Mark Twain’s Patented Inventions for Bra Straps and Other Everyday Items

Twain Brastrap

Much has been made of Mark Twain’s finan­cial problems—the impru­dent invest­ments and poor man­age­ment skills that forced him to shut­ter his large Hart­ford estate and move his fam­i­ly to Europe in 1891. An ear­ly adopter of the type­writer and long an enthu­si­ast of new sci­ence and tech­nol­o­gy, Twain lost the bulk of his for­tune by invest­ing huge sums—roughly eight mil­lion dol­lars total in today’s money—on a type­set­ting machine, buy­ing the rights to the appa­ra­tus out­right in 1889. The ven­ture bank­rupt­ed him. The machine was over­com­pli­cat­ed and fre­quent­ly broke down, and “before it could be made to work con­sis­tent­ly,” writes the Uni­ver­si­ty of Virginia’s Mark Twain library, “the Lino­type machine swept the mar­ket [Twain] had hoped to cor­ner.”

Twain’s seem­ing­ly blind enthu­si­asm for the ill-fat­ed machine makes him seem like a bun­gler in prac­ti­cal mat­ters. But that impres­sion should be tem­pered by the acknowl­edge­ment that Twain was not only an enthu­si­ast of tech­nol­o­gy, but also a can­ny inven­tor who patent­ed a few tech­nolo­gies, one of which is still high­ly in use today and, indeed, shows no signs of going any­where. I refer to the ubiq­ui­tous elas­tic hook clasp at the back of near­ly every bra, an inven­tion Twain patent­ed in 1871 under his giv­en name Samuel L. Clemens. (View the orig­i­nal patent here.) You can see the dia­gram for his inven­tion above. Call­ing it an “Improve­ment in Adjustable and Detach­able Straps for Gar­ments,” Twain made no men­tion of ladies’ under­gar­ments in his patent appli­ca­tion, refer­ring instead to “the vest, pan­taloons, or oth­er gar­ment upon which my strap is to be used.”

Twain Scrapbook

The device, writes the US Patent and Trade­mark Office, “was not only used for shirts, but under­pants and women’s corsets as well. His pur­pose was to do away with sus­penders, which he con­sid­ered uncom­fort­able.” (At the time, belts served a most­ly dec­o­ra­tive func­tion.) Twain’s inven­tions tend­ed to solve prob­lems he encoun­tered in his dai­ly life, and his next patent was for a hob­by­ist set of which he him­self was a mem­ber. After the soon-to-be bra strap, Twain devised a method of improve­ment in scrap­book­ing, an avid pur­suit of his, in 1873.

Pre­vi­ous­ly, scrap­books were assem­bled by hand-glu­ing each item, which Twain seemed to con­sid­er an over­ly labo­ri­ous and messy process. His inven­tion—writes The Atlantic in part of a series they call “Patents of the Rich and Famous”—involved “two pos­si­ble self-adhe­sive sys­tems,” sim­i­lar to self-seal­ing envelopes, in which, as his patent states, “the sur­faces of the leaves where­of are coat­ed with a suit­able adhe­sive sub­stance cov­er­ing the whole or parts of the entire sur­face.” (See the less-than-clear dia­gram for the inven­tion above.) The scrap­book­ing device proved “very pop­u­lar,” writes the US Patent Office, “and sold over 25,000 copies.”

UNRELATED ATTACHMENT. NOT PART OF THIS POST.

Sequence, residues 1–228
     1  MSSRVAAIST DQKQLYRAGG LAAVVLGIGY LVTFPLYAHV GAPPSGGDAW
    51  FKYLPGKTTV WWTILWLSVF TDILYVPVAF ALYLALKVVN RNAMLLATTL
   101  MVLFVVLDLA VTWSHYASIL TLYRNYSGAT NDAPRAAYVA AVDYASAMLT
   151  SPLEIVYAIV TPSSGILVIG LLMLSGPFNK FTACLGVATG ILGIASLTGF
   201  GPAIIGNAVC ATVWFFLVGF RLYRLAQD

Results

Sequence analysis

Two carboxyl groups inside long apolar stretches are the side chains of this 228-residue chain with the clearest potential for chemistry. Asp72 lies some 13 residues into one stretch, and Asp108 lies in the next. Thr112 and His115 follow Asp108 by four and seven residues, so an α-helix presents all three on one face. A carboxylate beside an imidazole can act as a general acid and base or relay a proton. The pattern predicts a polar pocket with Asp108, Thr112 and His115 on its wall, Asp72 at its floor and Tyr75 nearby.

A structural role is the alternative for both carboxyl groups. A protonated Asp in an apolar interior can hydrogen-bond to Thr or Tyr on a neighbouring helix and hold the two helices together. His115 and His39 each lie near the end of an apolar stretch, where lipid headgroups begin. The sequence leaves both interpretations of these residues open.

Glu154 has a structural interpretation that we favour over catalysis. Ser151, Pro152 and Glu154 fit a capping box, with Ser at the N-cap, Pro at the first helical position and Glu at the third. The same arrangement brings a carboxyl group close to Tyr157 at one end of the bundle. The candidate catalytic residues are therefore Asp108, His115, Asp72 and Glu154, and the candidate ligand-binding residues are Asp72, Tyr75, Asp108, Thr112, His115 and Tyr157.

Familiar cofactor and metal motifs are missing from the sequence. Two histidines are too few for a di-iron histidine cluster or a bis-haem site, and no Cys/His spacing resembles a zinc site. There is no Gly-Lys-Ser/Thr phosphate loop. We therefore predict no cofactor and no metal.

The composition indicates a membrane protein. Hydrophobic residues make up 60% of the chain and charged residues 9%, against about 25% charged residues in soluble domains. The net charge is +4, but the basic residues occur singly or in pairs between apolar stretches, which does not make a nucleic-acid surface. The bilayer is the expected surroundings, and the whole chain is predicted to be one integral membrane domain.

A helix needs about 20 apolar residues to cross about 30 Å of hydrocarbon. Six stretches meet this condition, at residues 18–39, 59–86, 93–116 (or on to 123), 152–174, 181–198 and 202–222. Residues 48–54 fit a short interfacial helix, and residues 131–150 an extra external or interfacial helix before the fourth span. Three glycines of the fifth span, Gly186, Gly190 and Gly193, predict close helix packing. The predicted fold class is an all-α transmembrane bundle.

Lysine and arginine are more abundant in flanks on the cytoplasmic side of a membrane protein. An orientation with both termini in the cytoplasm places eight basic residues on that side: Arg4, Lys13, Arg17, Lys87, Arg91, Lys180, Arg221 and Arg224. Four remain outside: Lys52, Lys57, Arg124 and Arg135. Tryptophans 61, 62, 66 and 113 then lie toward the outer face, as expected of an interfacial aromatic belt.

Twain obtained his final patent in 1885 for a “Game Appa­ra­tus” that he called the “Mem­o­ry-Builder” (see it above). The object of the game was pri­mar­i­ly edu­ca­tion­al, help­ing, as he wrote, to “fill the children’s heads with dates with­out study.” As we report­ed in a pre­vi­ous post, “Twain worked out a way to play it on a crib­bage board con­vert­ed into a his­tor­i­cal time­line.” Unlike his first two inven­tions, the game met with no com­mer­cial suc­cess. “Twain sent a few pro­to­types to toy stores in 1891,” writes Rebec­ca Onion at Slate, “but there wasn’t very much inter­est, so the game nev­er went into pro­duc­tion.” Nonethe­less, we still have Twain to thank, or to damn, for the bra strap, an inven­tion of no small impor­tance.

Twain him­self seems to have had some con­tra­dic­to­ry atti­tudes about his role as an inven­tor, and of the sin­gu­lar recog­ni­tion grant­ed to indi­vid­u­als through patent law. Per­haps unsur­pris­ing­ly, the US Patent Office claims that Twain “believed strong­ly in the val­ue of the patent sys­tem” and cites a pas­sage from A Con­necti­cut Yan­kee in King Arthur’s Court in sup­port. But in a let­ter Twain wrote to Helen Keller in 1903, he expressed a very dif­fer­ent view. “It takes a thou­sand men to invent a tele­graph, or a steam engine, or a phono­graph, or a tele­phone or any oth­er impor­tant thing,” Twain wrote, “and the last man gets the cred­it and we for­get the oth­ers. He added his lit­tle mite—that is all he did. These object lessons should teach us that nine­ty-nine parts of all things that pro­ceed from the intel­lect are pla­gia­risms, pure and sim­ple.”

Relat­ed Con­tent:

Mark Twain Wrote the First Book Ever Writ­ten With a Type­writer

Play Mark Twain’s “Mem­o­ry-Builder,” His Game for Remem­ber­ing His­tor­i­cal Facts & Dates

Mark Twain & Helen Keller’s Spe­cial Friend­ship: He Treat­ed Me Not as a Freak, But as a Per­son Deal­ing with Great Dif­fi­cul­ties

Josh Jones is a writer and musi­cian based in Durham, NC. Fol­low him at @jdmagness

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